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I actually really like your post! And you! And especially your polls about moral dilemmas. And I think you're probably smarter than me! But I have some objections to this post, fwiw:

1. Every bit of culture you consume affects your frame in some small way, subconsciously. If you want to pathologize "having some detrimental effect on you through modifying your frame, regardless of intent", then almost any friend, blogger, celebrity, writer, director, news outlet, tech company, etc that you've ever seen has probably done a little bit of that at some point.

2. Someone causing you to update your frame is a good thing if the update is towards truth! But good epistemic arguments are rarely conveyed through unspoken subtexts. Maybe it is bad to convince people of things through unspoken subtexts. But this seems socially ubiquitous. I'm not sure what to do with this.

3. "We instinctively know the kinds of things to say to communicate the right unspoken functions." Not sure about that, considering the nerdiness of the audience. I've never been diagnosed with Aspergers, but I struggle with that and tend to be more direct in my communication style.

4. Someone gaining "power over you" through convincing you to do what they want you to do, without violence, is not inherently toxic. It can be, if they convince you of false things, or cause you to do things that are harmful to yourself or others.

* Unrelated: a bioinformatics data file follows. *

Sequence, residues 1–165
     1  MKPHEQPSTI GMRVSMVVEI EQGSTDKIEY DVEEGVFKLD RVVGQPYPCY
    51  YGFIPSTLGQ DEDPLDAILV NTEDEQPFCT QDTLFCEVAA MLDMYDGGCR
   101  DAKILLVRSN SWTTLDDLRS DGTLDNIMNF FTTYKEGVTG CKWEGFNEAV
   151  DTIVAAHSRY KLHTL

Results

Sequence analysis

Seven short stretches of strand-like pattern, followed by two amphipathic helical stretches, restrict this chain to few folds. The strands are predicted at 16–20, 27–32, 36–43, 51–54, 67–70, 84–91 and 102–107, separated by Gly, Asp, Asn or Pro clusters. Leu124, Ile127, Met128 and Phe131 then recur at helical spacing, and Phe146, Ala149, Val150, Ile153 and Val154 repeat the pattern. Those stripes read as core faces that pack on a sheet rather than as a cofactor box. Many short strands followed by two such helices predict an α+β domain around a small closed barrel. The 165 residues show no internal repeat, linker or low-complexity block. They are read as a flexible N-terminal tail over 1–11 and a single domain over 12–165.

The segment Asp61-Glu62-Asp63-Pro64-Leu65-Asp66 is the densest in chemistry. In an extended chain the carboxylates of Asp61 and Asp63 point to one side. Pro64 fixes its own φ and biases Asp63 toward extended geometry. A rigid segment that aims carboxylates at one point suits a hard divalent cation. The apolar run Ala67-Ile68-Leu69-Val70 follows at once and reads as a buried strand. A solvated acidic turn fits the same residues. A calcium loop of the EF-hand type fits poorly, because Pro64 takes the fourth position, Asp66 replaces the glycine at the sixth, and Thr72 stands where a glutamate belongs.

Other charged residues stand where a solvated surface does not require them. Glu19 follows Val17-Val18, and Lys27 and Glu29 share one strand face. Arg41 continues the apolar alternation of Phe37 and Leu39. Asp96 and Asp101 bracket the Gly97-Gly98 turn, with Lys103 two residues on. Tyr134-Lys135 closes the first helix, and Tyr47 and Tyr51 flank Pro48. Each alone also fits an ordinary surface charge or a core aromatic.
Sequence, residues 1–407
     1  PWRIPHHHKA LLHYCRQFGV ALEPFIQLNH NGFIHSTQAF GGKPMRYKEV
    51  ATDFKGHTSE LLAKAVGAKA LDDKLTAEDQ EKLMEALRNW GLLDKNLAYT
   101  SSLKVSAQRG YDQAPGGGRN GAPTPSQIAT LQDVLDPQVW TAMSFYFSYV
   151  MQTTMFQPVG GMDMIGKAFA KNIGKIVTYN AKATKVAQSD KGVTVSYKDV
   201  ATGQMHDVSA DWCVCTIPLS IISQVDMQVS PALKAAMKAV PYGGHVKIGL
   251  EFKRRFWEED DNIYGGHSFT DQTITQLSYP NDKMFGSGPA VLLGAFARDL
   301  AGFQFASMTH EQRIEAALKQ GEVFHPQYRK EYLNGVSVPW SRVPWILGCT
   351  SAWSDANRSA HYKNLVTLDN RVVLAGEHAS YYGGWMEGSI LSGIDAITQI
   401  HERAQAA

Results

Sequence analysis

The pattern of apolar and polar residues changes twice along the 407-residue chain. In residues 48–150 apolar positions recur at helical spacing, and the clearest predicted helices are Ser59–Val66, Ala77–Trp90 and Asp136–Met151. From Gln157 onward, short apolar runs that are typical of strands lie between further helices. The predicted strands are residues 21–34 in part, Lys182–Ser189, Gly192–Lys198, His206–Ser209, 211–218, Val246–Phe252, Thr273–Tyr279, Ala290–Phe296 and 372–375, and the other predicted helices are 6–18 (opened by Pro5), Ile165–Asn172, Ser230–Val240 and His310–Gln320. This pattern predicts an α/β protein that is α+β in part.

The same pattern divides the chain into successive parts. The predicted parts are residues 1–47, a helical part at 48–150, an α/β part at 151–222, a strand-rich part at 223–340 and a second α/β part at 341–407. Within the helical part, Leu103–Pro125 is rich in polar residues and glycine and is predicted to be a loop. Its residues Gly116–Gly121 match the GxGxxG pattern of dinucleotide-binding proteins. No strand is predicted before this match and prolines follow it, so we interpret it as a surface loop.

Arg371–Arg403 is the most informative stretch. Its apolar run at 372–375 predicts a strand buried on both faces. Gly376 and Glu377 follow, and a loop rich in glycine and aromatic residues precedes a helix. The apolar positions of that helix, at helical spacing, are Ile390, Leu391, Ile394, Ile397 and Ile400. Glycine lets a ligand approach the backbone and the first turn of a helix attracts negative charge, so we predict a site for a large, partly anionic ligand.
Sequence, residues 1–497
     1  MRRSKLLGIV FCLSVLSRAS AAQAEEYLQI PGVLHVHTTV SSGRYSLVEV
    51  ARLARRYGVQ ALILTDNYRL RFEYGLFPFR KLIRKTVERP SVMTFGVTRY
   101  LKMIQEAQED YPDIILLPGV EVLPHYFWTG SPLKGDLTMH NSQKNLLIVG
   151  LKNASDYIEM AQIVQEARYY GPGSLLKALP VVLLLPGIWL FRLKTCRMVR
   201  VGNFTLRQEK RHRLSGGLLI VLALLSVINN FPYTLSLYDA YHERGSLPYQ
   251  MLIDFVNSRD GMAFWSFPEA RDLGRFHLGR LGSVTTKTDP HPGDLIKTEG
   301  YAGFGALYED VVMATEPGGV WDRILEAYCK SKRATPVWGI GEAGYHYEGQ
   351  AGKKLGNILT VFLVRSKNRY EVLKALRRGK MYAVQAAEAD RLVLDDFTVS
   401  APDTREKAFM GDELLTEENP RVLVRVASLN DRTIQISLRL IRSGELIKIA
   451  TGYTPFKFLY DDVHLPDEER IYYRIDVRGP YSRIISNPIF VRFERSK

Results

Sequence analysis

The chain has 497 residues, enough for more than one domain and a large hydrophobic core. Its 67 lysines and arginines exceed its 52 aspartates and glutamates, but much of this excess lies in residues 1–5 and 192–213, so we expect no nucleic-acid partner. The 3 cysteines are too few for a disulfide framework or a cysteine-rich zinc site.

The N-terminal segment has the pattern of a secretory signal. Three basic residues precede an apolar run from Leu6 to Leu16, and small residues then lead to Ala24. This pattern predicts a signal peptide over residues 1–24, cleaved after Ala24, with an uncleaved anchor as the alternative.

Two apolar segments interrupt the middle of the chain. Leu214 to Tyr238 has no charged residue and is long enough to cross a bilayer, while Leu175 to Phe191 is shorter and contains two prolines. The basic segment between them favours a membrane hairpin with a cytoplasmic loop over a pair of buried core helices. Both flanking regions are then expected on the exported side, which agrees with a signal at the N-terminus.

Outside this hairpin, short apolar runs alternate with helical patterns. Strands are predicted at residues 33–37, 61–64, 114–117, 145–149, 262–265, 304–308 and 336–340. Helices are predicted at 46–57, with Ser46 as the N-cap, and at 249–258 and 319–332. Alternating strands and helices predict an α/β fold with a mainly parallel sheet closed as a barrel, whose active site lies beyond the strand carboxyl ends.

5. A lot of this seems like citrus advice in the sense used by this talk: https://www.pathsensitive.com/2018/12/my-strange-loop-talk-you-are-program.html (Heuristics that usually work but don't concisely cut down to the root of the problem and explain it exactly). I want to find the vitamin C in this.

5. Strongly agree with "You don’t have to justify your preferences". Nobody should ever push back on a request to knock before entering your room because "whose room is it" trumps any conflict of preferences there. But outside of personal property, conflicting preferences need to be negotiated and come to some voluntary arrangement. Maybe the platonic form of the evil frame control that can be embedded in these negotiations is the use of (rhetorical dark arts that convince people without making explicit valid arguments) combined with self-centered motives.

6. A related concept that Warren Buffett has repeatedly talked about is that he likes to have an "internal scorecard", in other words to avoid letting his utility function be contaminated by other people's utility functions without really thinking it through. I think the opposite is the default for humans (A friend says they like X, and Bob updates towards liking X. A friend says Bob did a great job, and Bob updates towards thinking you did a great job.) A lot of this "groupthink" can be rational unless you are trying to optimize for having a lot of correct contrarian takes.

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